to return his licence plate to the Council.  Consequently, the Council
served him with several summonses.  On 5 September 1990, he was served
with a summons in respect of his refusal to return his taxi licence
plate to the Council, of which he was found guilty on 10 October 1990
and fined £200.00 ("fine B").  His appeal to Cardiff Crown Court was
dismissed on 21 December 1990, due to his non-appearance and costs of
£433.06 were awarded against him ("fine C").

     By a further summons of 24 October 1990, the applicant was
charged with plying for fares without the requisite licence, for which,
on 17 July 1991, he was convicted and fined £100 and £30 costs.  On
15 November 1991 his appeal against that conviction was upheld and the
conviction quashed on the basis that, pending the determination of the
proceedings in respect of the Council's refusal to issue the applicant
with a licence, that is 22 September 1990 (when the Crown Court refused
to state a case), the applicant was entitled to ply for fares and had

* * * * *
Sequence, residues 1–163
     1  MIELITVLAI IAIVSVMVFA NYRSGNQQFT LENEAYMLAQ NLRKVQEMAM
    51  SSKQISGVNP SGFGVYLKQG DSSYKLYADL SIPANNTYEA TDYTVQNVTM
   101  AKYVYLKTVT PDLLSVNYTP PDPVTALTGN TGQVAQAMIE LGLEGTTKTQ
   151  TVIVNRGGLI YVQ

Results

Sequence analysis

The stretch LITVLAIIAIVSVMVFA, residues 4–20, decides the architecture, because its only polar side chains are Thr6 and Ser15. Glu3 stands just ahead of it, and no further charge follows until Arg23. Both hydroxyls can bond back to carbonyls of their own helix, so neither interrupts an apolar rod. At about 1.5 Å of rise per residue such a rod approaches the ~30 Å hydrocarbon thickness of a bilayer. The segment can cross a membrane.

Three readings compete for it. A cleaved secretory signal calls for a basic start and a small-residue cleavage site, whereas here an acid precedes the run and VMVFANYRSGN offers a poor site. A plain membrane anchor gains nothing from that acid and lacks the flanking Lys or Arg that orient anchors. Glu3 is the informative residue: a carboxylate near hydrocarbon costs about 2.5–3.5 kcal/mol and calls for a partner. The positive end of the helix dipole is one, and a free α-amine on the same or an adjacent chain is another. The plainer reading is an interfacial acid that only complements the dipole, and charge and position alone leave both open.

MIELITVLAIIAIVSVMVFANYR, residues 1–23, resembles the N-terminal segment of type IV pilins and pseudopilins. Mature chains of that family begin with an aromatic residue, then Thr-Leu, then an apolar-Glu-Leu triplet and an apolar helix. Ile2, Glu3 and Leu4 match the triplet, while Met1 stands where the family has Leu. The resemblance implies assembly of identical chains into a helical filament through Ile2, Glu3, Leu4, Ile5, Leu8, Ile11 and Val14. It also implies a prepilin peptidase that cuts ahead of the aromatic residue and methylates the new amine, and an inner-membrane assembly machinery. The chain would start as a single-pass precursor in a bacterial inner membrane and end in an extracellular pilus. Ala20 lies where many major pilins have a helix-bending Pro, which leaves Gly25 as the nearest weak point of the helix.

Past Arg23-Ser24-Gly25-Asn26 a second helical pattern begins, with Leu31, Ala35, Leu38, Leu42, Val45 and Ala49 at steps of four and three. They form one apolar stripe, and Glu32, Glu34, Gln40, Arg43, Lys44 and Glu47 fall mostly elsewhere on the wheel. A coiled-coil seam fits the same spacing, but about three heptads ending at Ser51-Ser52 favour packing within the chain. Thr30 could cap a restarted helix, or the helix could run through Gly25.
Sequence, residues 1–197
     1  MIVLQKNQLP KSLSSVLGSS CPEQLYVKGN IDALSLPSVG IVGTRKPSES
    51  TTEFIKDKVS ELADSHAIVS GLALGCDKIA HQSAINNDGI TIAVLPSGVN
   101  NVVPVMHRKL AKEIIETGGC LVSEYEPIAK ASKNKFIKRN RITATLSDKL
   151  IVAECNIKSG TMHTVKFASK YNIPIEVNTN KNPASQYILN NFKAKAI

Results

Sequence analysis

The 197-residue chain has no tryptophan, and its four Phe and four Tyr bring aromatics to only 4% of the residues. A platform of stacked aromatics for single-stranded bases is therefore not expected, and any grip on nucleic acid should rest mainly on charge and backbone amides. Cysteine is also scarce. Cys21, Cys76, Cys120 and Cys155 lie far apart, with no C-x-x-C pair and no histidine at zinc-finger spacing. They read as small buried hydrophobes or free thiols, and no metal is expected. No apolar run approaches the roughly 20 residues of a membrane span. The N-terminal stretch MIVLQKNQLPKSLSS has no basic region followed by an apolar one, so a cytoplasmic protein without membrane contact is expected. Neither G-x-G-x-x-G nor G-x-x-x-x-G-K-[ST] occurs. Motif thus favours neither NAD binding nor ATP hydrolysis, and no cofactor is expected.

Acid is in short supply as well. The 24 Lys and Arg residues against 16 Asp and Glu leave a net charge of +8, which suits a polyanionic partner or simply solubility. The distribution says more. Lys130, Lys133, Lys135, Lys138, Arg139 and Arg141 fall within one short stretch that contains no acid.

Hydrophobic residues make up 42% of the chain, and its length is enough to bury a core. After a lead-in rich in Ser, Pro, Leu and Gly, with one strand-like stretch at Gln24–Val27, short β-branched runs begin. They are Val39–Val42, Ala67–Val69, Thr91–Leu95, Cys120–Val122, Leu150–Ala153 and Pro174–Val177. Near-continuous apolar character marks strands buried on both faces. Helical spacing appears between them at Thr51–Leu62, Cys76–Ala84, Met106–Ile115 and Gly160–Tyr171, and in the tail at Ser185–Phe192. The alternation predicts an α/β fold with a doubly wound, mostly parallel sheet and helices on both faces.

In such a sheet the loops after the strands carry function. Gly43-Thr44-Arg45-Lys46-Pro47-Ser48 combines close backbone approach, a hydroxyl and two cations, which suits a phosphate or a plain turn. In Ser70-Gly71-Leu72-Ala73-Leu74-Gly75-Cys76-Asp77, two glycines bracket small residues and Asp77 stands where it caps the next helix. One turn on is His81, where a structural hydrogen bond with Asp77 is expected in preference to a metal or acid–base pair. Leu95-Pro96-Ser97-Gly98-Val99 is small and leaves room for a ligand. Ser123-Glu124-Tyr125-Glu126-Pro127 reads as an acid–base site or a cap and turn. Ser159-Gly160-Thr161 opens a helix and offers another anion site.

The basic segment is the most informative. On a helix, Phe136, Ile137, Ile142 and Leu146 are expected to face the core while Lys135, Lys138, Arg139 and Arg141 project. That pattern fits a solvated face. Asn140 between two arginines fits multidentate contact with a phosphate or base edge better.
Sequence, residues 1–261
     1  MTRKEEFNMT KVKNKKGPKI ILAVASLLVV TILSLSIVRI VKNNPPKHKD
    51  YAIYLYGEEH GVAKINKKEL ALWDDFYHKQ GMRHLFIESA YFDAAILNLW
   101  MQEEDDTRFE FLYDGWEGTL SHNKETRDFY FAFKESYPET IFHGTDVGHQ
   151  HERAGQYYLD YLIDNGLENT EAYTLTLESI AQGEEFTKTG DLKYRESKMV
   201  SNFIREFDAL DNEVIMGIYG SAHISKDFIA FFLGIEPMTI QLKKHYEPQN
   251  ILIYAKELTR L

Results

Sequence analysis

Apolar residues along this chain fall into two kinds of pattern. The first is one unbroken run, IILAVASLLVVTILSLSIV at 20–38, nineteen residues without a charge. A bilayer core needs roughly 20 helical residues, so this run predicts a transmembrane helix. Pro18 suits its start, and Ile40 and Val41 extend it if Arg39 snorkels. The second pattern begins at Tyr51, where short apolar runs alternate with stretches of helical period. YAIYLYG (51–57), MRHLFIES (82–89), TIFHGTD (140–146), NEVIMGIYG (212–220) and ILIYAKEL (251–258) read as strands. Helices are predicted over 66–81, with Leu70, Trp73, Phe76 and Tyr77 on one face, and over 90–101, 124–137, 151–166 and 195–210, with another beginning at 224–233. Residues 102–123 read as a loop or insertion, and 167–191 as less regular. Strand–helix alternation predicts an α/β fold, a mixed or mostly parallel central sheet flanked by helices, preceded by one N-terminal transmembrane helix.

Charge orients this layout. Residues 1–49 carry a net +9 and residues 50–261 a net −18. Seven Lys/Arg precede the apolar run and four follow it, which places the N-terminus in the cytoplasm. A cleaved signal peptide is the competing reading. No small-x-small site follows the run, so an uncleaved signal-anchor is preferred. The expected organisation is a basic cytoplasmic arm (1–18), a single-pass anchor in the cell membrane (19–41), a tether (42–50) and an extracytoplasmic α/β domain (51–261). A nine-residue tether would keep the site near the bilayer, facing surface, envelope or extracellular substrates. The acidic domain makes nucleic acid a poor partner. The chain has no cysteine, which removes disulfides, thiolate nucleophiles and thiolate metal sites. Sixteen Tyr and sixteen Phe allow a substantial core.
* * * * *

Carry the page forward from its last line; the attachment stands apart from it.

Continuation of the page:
not therefore committed an offence by doing so before
22 September 1990.  Three further summonses issued by the Council were
withdrawn.

     The applicant then applied for legal aid to have the conviction
of 10 October 1990 quashed on the same grounds, that is that he had
committed no offence in failing to return his taxi licence plate
pending the outcome of his appeal proceedings. On 3 February 1993 legal
aid was finally refused on the basis that the applicant had no prospect
of success, his application for judicial review or appeal being out of
time.  The conviction of 10 October 1990 and the consequent cost orders
therefore still stood.

     On 11 April 1995, the applicant was committed to prison by the
Magistrates Court for failure to pay the fines A, B and C.  He was
sentenced to 7 days consecutive, 7 days concurrent and 14 days
concurrent respectively.  As a result, the applicant claims that he was
imprisoned for 28 days.

     While waiting to be taken to Cardiff prison, the applicant asked
to see a solicitor.  He claims that he was told to ask for one when he
got to the prison.  At the prison he was told to make an application
when he had seen the Governor the next morning.  The next morning he
saw the assistant governor who told him to see a Mr. G.  He saw Mr. G
on 13 April 1995 and was told that nothing could be done until after
the holidays, as it was Good Friday the next day and a bank holiday on
the Monday and the Court and Solicitors would not be able to do